autopkgtest-qemu(1) autopkgtest virtualisation server using QEMU


autopkgtest [...] -- qemu [options] image [ro-image ...]


autopkgtest-qemu provides an autopkgtest virtualisation server using QEMU.

Normally autopkgtest-qemu will be invoked by autopkgtest.

You always need to specify at least one QEMU VM image. If your VM needs more disks, you can specify arbitrarily many additional images which will be added in order.

autopkgtest-qemu does not modify the given images, but will instead create a temporary overlay for the primary image, and add all other images as read-only.

The first image without the overlay is always added as an additional read-only hard drive, which will be available for tests as /dev/baseimage. This allows tests that require nested VMs to reuse the same image. Be aware that /dev/baseimage will not be accessible between calling autopkgtest-reboot-prepare and the next boot, thus make sure to stop accessing it before.


autopkgtest-qemu assumes that you have already prepared a suitable Debian based QEMU image (see BUILDING IMAGES below for how to create them). But you can use any VM which has python3 or python installed and either

opens a root shell on ttyS1, or

has a serial console on ttyS0 where you can log in (getty or similar) with specified user and password. This will then be used to start a root shell on ttyS1, to reduce this to the first case and to not assume that ttyS0 stays operational throughout the whole test.


-u user | --user=user

User name for running tests that don't require root privileges.

If the VM is not already prepared to start a root shell on ttyS1 this will be also used for logging in on ttyS0. If this is not root, it must be able to run sudo without a password to become root for that purpose.

-p password | --password=password
Password for above user for logging into the VM on ttyS0. This is necessary if the VM is not already prepared to start a root shell on ttyS1.

-q command | --qemu-command=command
QEMU command to run. This defaults to the qemu-system-* that matches your system architecture.

-o dir | --overlay-dir=dir
Directory where the temporary image overlay for the primary image is created. By default this will happen in a work directory in /tmp (or $TMPDIR), but you can use this to e. g. ensure that the overlay is placed on a tmpfs if your /tmp directory is not on tmpfs. This will greatly increase the speed.

-c num | --cpus=num
Number of (virtual) CPUs in the VM. Default is 1.

VM RAM size in MiB. Default is 1024, i. e. 1 GiB.

Show boot messages from serial console.

-d | --debug
Enable debugging output.

Pass through arguments to QEMU command; e. g. --qemu-options='-readconfig qemu.cfg'


If you use lots of options or images, you can put parts of, or the whole command line into a text file, with one line per option. E. g. you can create a file sid-desktop.cfg with contents like

-utestuser -ps3kr1t --ram-size=4096 /home/bob/autopkgtest/sid-desktop.img

and then run

autopkgtest [...] -- qemu @sid-desktop.cfg

The contents of the configuration file will be expanded in-place as if you would have given its contents on the command line. Please ensure that you don't place spaces between short options and their values, they would become a part of the argument value.


The behaviour of autopkgtest-qemu is as described by the AutomatedTesting virtualisation regime specification.


autopkgtest does not run apt-get update at the start of a package build, which can cause a build failure if you are using a development series template. You will need to run apt-get update in the template yourself (e. g. using --setup-commands).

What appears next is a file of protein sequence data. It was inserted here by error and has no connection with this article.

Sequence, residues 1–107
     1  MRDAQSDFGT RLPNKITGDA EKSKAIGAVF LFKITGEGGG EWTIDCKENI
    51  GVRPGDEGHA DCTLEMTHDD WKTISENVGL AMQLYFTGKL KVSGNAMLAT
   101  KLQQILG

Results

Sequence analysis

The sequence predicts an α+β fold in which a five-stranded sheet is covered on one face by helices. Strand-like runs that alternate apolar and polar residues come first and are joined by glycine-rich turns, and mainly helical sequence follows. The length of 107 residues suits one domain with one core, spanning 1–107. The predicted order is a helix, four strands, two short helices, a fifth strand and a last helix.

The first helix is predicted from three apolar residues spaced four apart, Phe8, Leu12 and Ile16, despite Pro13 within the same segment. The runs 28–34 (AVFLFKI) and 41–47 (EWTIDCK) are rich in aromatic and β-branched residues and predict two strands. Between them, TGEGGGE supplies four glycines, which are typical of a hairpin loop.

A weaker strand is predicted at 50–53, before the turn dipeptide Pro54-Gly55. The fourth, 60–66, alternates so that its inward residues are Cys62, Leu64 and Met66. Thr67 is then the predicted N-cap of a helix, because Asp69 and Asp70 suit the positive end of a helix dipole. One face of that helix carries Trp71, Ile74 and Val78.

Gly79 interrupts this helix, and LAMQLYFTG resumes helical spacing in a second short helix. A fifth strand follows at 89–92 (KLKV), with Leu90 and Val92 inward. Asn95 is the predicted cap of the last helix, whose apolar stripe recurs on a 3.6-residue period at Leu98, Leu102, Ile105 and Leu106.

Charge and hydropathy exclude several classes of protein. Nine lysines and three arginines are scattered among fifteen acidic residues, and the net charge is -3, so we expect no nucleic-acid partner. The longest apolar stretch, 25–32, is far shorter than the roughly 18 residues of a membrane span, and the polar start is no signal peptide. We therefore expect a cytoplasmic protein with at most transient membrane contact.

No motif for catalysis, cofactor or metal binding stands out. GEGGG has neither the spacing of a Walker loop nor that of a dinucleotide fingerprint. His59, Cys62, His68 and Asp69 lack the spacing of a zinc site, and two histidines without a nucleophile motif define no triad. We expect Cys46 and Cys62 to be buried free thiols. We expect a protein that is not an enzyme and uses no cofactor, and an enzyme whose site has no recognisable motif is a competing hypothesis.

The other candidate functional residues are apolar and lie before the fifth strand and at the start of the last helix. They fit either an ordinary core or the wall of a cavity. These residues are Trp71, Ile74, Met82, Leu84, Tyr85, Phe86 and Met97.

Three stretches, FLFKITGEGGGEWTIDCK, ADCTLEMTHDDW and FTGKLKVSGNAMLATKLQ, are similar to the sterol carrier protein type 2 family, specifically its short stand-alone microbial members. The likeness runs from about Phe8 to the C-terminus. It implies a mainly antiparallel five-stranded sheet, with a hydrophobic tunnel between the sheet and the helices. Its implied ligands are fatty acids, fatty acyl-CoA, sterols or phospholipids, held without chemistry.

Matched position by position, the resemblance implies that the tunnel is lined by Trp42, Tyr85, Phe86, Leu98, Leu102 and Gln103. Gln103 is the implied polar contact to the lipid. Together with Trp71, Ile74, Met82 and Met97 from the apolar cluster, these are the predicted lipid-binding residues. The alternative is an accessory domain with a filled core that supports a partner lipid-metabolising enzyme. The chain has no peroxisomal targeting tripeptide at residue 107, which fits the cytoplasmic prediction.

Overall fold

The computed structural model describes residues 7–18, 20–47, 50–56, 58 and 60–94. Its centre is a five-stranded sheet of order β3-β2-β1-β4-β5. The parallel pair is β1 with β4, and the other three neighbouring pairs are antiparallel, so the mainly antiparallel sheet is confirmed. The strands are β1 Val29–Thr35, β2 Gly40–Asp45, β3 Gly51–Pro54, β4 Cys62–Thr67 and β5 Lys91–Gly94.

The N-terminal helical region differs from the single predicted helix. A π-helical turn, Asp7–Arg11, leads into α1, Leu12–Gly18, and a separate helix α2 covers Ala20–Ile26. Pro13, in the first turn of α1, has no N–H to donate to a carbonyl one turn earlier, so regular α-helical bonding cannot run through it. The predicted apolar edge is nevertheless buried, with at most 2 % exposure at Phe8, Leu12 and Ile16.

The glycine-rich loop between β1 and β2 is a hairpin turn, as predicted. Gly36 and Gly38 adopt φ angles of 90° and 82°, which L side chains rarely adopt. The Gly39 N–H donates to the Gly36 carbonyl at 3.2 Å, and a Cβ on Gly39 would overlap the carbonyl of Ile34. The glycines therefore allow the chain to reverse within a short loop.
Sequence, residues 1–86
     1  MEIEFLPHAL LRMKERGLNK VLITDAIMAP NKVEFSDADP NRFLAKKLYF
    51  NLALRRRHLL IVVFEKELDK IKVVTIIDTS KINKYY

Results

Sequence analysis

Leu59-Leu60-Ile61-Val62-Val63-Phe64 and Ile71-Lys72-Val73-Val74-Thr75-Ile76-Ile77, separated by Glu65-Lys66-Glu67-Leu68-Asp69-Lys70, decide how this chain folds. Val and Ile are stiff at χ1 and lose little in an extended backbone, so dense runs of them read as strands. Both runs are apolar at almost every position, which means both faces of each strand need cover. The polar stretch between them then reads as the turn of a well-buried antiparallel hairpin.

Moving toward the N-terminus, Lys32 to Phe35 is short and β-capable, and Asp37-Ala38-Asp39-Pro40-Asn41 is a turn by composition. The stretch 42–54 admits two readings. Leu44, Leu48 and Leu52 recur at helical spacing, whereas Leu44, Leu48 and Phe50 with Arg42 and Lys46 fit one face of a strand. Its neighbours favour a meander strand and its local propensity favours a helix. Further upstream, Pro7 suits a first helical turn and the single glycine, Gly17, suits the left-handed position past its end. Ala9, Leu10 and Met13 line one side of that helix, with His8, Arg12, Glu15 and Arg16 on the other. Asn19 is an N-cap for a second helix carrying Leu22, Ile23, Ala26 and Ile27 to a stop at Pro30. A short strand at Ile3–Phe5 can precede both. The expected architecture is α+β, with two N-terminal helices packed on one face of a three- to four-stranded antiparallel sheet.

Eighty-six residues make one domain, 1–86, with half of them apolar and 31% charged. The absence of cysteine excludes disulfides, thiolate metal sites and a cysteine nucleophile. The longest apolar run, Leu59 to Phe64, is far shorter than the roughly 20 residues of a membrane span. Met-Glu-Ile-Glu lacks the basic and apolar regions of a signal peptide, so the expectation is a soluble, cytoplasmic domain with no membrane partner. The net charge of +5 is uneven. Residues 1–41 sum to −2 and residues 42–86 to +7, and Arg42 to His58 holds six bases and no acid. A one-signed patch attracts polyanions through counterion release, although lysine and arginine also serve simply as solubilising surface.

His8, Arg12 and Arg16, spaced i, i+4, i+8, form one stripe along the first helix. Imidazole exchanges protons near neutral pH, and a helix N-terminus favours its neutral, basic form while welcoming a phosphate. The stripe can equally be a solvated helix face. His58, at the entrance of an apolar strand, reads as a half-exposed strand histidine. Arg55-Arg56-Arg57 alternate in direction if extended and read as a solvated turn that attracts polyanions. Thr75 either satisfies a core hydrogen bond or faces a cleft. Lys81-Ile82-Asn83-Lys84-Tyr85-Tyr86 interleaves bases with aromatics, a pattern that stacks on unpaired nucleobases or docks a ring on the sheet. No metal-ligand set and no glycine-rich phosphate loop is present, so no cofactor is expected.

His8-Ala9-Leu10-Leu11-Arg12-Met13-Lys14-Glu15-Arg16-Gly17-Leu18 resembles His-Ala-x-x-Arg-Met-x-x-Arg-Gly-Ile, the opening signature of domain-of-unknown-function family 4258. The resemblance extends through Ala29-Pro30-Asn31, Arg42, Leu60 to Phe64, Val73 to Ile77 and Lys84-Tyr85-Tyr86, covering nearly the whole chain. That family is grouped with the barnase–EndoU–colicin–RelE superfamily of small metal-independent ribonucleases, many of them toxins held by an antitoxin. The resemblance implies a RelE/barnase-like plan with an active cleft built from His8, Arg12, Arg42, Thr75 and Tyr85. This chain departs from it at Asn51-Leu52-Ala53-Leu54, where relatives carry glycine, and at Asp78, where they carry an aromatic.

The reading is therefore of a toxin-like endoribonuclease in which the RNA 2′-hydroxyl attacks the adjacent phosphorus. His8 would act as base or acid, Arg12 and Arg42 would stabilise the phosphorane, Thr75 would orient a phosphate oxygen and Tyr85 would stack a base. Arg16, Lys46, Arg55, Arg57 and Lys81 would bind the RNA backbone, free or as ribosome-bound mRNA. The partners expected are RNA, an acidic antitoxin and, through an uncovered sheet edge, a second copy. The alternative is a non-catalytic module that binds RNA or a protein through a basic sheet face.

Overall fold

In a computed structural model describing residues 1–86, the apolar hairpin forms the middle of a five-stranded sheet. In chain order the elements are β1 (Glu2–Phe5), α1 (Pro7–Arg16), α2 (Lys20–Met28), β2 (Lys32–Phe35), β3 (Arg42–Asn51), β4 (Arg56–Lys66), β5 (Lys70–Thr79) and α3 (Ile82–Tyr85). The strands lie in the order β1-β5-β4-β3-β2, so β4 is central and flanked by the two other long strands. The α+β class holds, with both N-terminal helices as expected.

If the --qemu-command option has not been specified and no custom CPU type was selected in --qemu-options, autopkgtest-qemu will try to enable nested KVM support by default on x86_64 platforms if the hardware supports this. To fully enable this, one needs to additionally set some module parameters on the host, by creating a file /etc/modprobe.d/nested_kvm.conf with the contents

options kvm_intel nested=1 options kvm_amd nested=1

and rebooting or reloading the KVM modules. It is still possible to use QEMU in tests without this, albeit without hardware acceleration. On Ubuntu systems these module options are typically already set.



For Debian you can use vmdebootstrap(8) to build a suitable image. E. g. for unstable:

vmdebootstrap --verbose --serial-console --distribution=sid \

   --customize=/usr/share/autopkgtest/setup-commands/setup-testbed \

   --user=test/test --size=10000000000 --grub --image=autopkgtest-sid.raw
qemu-img convert -O qcow2 autopkgtest-sid.raw autopkgtest-sid.img
rm autopkgtest-sid.raw

vmdebootstrap can only create a raw format image; it is recommended to convert it to qcow2 as that is much smaller (in the order of 700 MB for qcow2 vs. the 10 GB as specified above) and also supports additional features such as snapshots or compression. You can run that command with setting the environment variable AUTOPKGTEST_APT_PROXY to a proxy which will be used by apt in the VM. If you have an apt proxy configured on the host, this will be used automatically; otherwise you can run e. g.

AUTOPKGTEST_APT_PROXY= vmdebootstrap [...]


For Ubuntu, autopkgtest provides autopkgtest-buildvm-ubuntu-cloud(1) to build a VM based on the Ubuntu cloud images. To create an image for the current development series and the i386 architecture:

autopkgtest-buildvm-ubuntu-cloud -v -a i386

This will produce e. g. autopkgtest-trusty-i386-cloud.img.


Run the tests of the gdk-pixbuf source package, using an Ubuntu cloud image:

autopkgtest gdk-pixbuf -- qemu autopkgtest-trusty-i386-cloud.img


autopkgtest-qemu was written by Martin Pitt <[email protected]>

This manpage is part of autopkgtest, a tool for testing Debian binary packages. autopkgtest is Copyright (C) 2006-2014 Canonical Ltd and others.

See /usr/share/doc/autopkgtest/CREDITS for the list of contributors and full copying conditions.